Resurrecting the Redroom

It's been abot a year since we wrote a Redroom.  In 2008, when we started the Redroom, we were together all the time.  That summer we were rehearsing Romeo and Juliet and running the Redroom every week--a new show every week, but it was okay because any downtime became a brainstorming session.  The theatre was tingling with creative energy--there was a big cast full of new company members with new ideas--and the director had done an excellent job of making us a cohesive unit.  Redroom scripts poured out of us.

But there's no way we could maintain that kind of momentum.  Also, at the end of last summer, Jack, my second in command, went off to grad school, I lost another one of my writers to real life as, and I was pregnant.  We decided to put Redroom aside for awhile.

As time passed, I got bigger and bigger, and the break was doing us all some good; the combination of these two things got us thinking and we started to plan the Redroom for Kelli's Baby.  The original idea was to have the cast put together dances, songs, skits and readings and then invite me to watch, but we all decided that it would be really funny to have me waddling around on stage.  We would tape the show and one day present it to my child a kind of demented gift.  They were also secretly planning to have my baby shower during the show.

But then we got 700 plays for SPF and had to move that production date from January to March. Then the only date that we could find that would work for the Redroom was either the Saturday before my scheduled C-section or the same night as the big MassMoCA dance party that the cast wanted to attend.   I was secretly pleased.  Writing, producing, and coordinating a show at 8 months pregnant was not going to be as easy as I had thought it would be when I was a lot less pregnant, and that would be on top of the rehearsals and the performances.  Needless to say, we called it off.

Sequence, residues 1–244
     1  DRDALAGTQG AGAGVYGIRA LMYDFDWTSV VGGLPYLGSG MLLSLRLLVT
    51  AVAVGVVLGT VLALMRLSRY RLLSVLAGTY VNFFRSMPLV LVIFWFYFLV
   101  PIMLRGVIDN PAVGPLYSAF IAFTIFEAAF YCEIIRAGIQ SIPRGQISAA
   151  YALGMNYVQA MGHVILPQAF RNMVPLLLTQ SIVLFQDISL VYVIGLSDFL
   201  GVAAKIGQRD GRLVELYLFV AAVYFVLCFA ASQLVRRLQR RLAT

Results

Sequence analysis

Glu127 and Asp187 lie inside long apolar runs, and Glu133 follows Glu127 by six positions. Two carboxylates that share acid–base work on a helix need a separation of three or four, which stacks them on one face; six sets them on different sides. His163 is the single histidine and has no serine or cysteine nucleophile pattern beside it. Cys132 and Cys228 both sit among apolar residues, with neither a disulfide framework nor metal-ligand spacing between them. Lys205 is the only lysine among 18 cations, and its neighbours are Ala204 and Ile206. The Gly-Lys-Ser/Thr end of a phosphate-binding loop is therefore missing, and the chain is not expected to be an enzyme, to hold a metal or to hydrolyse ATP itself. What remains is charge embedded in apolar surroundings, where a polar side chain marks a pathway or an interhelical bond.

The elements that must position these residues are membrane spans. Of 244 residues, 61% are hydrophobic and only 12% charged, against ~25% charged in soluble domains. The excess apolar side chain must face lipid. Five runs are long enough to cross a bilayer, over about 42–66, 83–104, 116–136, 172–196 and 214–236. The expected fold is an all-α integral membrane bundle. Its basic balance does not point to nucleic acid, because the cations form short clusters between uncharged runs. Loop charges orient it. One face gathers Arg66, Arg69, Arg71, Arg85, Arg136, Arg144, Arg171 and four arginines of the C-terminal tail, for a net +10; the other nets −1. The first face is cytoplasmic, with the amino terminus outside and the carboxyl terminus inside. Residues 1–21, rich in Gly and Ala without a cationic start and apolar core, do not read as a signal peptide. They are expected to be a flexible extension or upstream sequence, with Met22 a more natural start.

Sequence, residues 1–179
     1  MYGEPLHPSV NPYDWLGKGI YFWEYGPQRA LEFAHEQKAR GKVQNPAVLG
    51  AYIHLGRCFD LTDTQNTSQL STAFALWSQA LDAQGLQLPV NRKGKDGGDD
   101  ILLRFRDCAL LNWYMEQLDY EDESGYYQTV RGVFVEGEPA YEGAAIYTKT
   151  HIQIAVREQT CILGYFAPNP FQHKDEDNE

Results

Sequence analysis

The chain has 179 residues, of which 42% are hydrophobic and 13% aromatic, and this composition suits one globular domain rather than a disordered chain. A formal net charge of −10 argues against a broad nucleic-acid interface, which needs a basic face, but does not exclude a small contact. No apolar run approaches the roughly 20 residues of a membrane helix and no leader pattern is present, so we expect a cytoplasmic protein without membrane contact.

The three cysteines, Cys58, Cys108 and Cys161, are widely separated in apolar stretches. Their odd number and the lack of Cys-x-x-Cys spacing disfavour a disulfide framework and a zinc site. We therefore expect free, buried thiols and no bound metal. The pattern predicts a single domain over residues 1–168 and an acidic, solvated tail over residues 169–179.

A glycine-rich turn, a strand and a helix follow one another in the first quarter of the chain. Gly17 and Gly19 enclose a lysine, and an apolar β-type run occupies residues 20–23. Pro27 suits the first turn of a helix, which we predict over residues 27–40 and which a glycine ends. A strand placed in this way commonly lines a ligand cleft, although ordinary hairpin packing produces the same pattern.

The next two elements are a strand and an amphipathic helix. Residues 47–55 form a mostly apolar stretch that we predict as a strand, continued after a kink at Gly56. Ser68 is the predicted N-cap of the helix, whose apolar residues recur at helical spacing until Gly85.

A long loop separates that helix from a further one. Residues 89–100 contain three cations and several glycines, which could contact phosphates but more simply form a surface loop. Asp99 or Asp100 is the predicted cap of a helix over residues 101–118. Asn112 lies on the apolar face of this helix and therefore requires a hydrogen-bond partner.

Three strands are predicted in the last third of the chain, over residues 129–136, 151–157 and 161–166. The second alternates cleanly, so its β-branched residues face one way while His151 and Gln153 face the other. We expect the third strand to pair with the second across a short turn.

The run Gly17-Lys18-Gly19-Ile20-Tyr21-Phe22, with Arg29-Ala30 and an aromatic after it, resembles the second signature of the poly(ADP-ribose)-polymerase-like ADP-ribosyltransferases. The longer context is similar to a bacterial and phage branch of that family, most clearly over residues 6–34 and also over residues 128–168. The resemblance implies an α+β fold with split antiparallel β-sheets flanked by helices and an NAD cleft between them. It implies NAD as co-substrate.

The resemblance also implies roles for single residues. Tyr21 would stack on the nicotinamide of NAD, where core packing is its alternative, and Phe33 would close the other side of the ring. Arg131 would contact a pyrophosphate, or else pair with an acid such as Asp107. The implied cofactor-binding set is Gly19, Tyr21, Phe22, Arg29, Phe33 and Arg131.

So the Mommy Redroom brainstorming session happened Monday night.  In some ways, it was like most other Redroom writers' rooms with wild ideas, overlapped conversations, readings of drafts, but in other ways, it was very different.  My baby was passed from lap to lap, continually adored and played with until he got fussy.  I ran the meeting while bouncing him.  I listened to skits while sweating under a blanket while he breastfed.   And we called it an early night so I could put him to bed, but in the end we had the makings of a script and a baby-friendly rehearsal schedule.

The only problem was I stayed up way too late that night making revisions, writing new skits and co-ordinating schedules, buzzing with creative energy.  Part of the buzz was getting back into something I've always loved to do after a nice long break.  Part of it was reclaiming some part of me that has been dormant, a part of me I had worried about losing after having a baby.  And part of the buzz was a moment of finding balance between motherhood and theatre.

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